What are the requirements of the CCPA?
CCPA as amended by CPRA grants California consumers extra data subject rights and consent rights that your business must enable. This section goes over these rights in more detail.
The CPRA expands on the previous CCPA law with multiple new regulations, outlined as follows:
SPI is interpreted as very sensitive information types such as:
- Biometric data processed to identify an individual
- Data about sexual orientation or sex life
- Financial account details in a combination (for example card number and password) that may provide access to an account
- Genetic data
- Government-issued identifiers and numbers (such as a social security number or a number on a passport, or driver's license)
- Health data
- Philosophical or religious beliefs
- Precise geolocation
- Racial or ethnic origin
- Union membership
Note: under the CPRA, Sensitive Personal Information doesn’t include publicly available information (with some caveats).
The CPRA more concretely defines the use of data from the CCPA’s “Data Sales” to “Data Sharing”. This is broader than the original definition, although it is worth noting the full qualification is Data Sharing for the purpose of behavioral marketing.
Given the new categories of Sensitive Personal Information (SPI) as well as the updated definition to “Data Sharing,” the result is you must modify any previous “Do NOt Sell” button.
Now, you should have a link on the footer of your site that reads “Do Not Sell or Share My Personal Information”.
In addition, if you are processing data defined as SPI, you must provide a link that reads “Limit The Use Of My Sensitive Personal Information,” such that a consumer may control how their SPI is used or with whom it is disclosed.
The general guidance from the CPPA for how best to adopt this is to provide a “single, clearly labeled link” that allows a consumer to opt-out of sale or sharing of data and also options to limit the use of SPI.
In addition to these category changes, a specific data retention notification requires your business to specify how long you will keep data or how you will decide when to dispose of it.
The complete list of enhanced consumer rights, which now also extend to employees, are:
|Right to Opt-Out||Consumers have the option to opt-out of having their personal information sold or shared with third parties for cross-context behavioral advertising.|
|Right to limit the use of sensitive personal information||Consumers have the right to limit the use of special categories of personal data, most specifically when it comes to sharing with third parties.|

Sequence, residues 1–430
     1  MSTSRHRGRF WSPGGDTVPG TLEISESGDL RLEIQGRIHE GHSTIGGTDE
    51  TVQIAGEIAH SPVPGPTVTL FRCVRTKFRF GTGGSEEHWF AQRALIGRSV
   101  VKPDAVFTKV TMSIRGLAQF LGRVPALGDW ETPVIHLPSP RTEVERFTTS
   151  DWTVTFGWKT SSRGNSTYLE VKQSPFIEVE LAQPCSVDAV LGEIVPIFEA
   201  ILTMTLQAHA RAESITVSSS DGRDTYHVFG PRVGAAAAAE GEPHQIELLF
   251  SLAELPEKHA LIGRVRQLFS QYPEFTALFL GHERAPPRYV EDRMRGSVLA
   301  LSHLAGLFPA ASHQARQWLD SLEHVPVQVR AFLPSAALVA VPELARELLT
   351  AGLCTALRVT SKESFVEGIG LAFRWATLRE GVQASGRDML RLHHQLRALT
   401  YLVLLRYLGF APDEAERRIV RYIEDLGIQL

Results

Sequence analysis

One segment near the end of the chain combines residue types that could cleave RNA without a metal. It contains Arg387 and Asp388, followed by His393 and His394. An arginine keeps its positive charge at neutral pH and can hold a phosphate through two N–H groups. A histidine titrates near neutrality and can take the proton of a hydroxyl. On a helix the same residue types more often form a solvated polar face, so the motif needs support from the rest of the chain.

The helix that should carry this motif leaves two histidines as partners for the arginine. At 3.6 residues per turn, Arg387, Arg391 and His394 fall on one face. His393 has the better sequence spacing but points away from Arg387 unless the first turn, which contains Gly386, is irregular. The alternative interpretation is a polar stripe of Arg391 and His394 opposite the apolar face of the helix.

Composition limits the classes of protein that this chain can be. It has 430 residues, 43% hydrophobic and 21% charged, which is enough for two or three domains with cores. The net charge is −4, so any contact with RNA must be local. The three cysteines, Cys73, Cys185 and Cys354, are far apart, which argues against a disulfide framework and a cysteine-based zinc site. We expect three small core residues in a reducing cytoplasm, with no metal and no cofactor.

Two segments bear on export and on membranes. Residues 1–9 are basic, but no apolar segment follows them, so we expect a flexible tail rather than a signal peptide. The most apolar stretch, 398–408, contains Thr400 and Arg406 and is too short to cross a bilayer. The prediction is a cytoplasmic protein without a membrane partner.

|Right to opt-out of automated decision making processes||Consumers have the right to opt-out of automated decisions, such as profiling for targeted behavioral advertising.|
|Right to know about automated decision making||Consumers can ask for, or should be provided with information on how automated decision technologies work when they are used.|
|Right to Access||As before, subjects or consumers have the right to access their data, in addition to which they should be informed with which third parties that data was shared.|
|Right to Delete||Consumers' requests to be deleted must now be enforced by the company and its third-party suppliers, service providers, or contractors. In effect this means deletion must flow through all systems and vendors.|
|Right to correction||Consumers have the right to request that their information be updated if they find it to be incorrect/inaccurate.|
|Right to Data Portability||Consumers have the right to request that organizations provide a copy of their data in a format that can be transmitted to another company.|
|Right of Minors||A business must notify minors if they sell or share their personal information. In the event that a consumer under the age of 16 refused to give consent, the business may not ask the consumer again for a minimum of 12 months.|
Businesses will be required to conduct and submit risk assessments to the CPPA on a regular basis. This requirement differs from the GDPR where Data Protection Impact Assessments (DPIAs) are required to be conducted only prior to processing, or if there is any material change in the processing operations.
In addition to regular risk assessments, businesses must commit to eliminating risks identified in their evaluations. So if you identify a risk to the personal privacy of a user during your risk evaluations, you must mitigate or stop that data processing activity to remove the risk.
The CPRA introduces the concept of data minimization and storage limitation. If you're familiar with the GDPR you may already be familiar with this. The CPRA requires that businesses only collect personal information that is reasonably necessary, and that a business should not store data for longer than is necessary.
Put simply -- you should only collect the data you need to perform the business function you are offering, and once completed, you should dispose of that data unless it is truly necessary to retain for a period of time.